Martin Van Buren was born in Kinderhook, New York, the son of a Dutch tavern owner. Van Buren was exposed to politicians and political argument by the steady steam of visitors who frequented his fathers establishment. He was educated in a local academy, later studied law and was admitted to the New York bar in 1803.
Van Buren became involved in local politics and served in the state senate from 1813 to 1820. During these years the Democratic-Republican Party in New York was split; one faction supported Governor De Witt Clinton and the other opposed him. The latter group, the Bucktails (so-called because they wore buck tails pinned to their hats at political gatherings), was led by Van Buren. During this period he developed a reputation as an accomplished (some said unscrupulous) politician, winning him the nicknames Little Magician and Red Fox of Kinderhook.
In 1825, Van Buren entered the national arena as the junior senator from New York State. Before going to Washington, he established the Albany Regency, a political machine designed to manage New York politics in his absence; Van Buren was one of the first political bosses in American history. During the Election of 1824 Van Buren supported William H. Crawford, but switched his allegiance to Andrew Jackson. Van Buren was one of the individuals responsible for transforming the Democratic-Republicans into the Democratic Party; the latter became a platform for Jeffersonian principles.
In 1828 Van Buren ran for governor of New York, largely for the purpose of controlling the state for Jacksons presidential bid later that year. Van Buren won the governorship, but resigned to become secretary of state and a close advisor to Jackson.
Van Burens standing was enhanced by his deft handling of the Eaton affair. He resigned in 1831, allowing Jackson to clear his cabinet of John C. Calhoun and other divisive forces. The president appointed Van Buren to the Court of St. James, but he failed to gain confirmation because of Calhouns decisive vote. The president was deeply angered by his friend's rejection, and Calhouns chances of remaining as vice president were over. Jackson selected Van Buren to be his running mate in the Election of 1832.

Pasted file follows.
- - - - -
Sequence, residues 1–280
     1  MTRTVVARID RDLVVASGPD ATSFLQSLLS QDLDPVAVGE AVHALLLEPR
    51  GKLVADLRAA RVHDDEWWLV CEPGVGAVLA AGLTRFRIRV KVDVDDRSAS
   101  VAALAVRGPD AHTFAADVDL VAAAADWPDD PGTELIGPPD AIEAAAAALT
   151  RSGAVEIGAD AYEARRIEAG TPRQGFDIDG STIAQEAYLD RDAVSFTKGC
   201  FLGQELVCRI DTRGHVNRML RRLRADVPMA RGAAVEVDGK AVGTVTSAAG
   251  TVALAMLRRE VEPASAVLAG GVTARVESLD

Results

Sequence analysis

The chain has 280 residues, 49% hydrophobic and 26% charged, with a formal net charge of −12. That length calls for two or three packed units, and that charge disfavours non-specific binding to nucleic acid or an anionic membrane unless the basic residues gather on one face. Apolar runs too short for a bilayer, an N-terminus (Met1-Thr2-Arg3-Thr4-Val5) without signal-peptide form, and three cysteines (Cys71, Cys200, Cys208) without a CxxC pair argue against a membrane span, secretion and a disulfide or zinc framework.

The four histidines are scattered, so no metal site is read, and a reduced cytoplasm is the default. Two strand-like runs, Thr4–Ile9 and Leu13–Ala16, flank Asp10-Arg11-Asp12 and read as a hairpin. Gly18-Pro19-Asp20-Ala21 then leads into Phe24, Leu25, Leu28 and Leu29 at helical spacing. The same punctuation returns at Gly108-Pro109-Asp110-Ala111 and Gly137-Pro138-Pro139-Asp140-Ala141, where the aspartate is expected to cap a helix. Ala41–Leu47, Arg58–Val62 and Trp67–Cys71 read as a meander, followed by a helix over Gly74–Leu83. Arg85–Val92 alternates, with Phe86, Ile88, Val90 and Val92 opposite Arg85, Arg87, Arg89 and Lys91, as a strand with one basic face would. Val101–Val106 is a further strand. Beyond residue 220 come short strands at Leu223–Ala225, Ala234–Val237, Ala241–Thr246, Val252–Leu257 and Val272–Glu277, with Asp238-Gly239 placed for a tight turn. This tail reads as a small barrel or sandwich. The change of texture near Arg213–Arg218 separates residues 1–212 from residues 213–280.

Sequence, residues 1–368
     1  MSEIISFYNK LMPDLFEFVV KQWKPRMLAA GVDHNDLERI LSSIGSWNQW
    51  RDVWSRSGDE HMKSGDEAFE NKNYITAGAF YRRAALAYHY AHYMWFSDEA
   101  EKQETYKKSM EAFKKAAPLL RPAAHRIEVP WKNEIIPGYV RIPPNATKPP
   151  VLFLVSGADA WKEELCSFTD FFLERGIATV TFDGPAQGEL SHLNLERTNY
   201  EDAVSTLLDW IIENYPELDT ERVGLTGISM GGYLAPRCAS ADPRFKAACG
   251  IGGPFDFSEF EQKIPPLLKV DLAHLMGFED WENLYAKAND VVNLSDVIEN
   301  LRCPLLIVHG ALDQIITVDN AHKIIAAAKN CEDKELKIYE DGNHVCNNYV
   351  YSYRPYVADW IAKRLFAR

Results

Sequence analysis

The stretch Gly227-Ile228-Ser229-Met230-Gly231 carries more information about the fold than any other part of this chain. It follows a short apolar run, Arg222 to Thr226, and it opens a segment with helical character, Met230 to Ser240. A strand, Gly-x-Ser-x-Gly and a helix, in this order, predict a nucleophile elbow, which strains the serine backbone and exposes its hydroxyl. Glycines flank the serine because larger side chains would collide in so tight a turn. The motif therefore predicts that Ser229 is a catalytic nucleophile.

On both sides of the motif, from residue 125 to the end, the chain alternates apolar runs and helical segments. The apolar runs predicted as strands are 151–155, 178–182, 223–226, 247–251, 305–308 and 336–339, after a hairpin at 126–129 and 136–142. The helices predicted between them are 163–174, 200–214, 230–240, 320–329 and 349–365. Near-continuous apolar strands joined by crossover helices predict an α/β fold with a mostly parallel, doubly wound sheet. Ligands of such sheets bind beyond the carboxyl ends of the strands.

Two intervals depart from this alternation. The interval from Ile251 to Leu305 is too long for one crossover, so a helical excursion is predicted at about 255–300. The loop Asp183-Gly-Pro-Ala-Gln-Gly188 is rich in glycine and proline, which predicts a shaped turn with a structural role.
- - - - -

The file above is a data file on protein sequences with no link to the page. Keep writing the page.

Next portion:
Jacksons support was crucial to Van Burens own nomination for the Election of 1836. Winning easily over a divided Whig Party, Van Buren was greeted by the Panic of 1837 and the depression that followed. His response included creation of the independent treasury system, but it did little for the common man.
Van Burens political career benefited enormously from Jacksons support and popularity, but unfortunate events and Van Burens own personality precluded him from holding the public's affection.
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Quotes by Martin Van Buren.
Regarding All the lessons of history and experience must be lost upon us if we are content to trust alone to the peculiar advantages we happen to possess. Inaugural Address
Quotes regarding Martin Van Buren.
By Free Soil Party We inscribe on our banner Free Soil, Free Speech, Free Labor, and Free Men. Motto of the Free-Soil Party, which nominated Van Buren in 1848.
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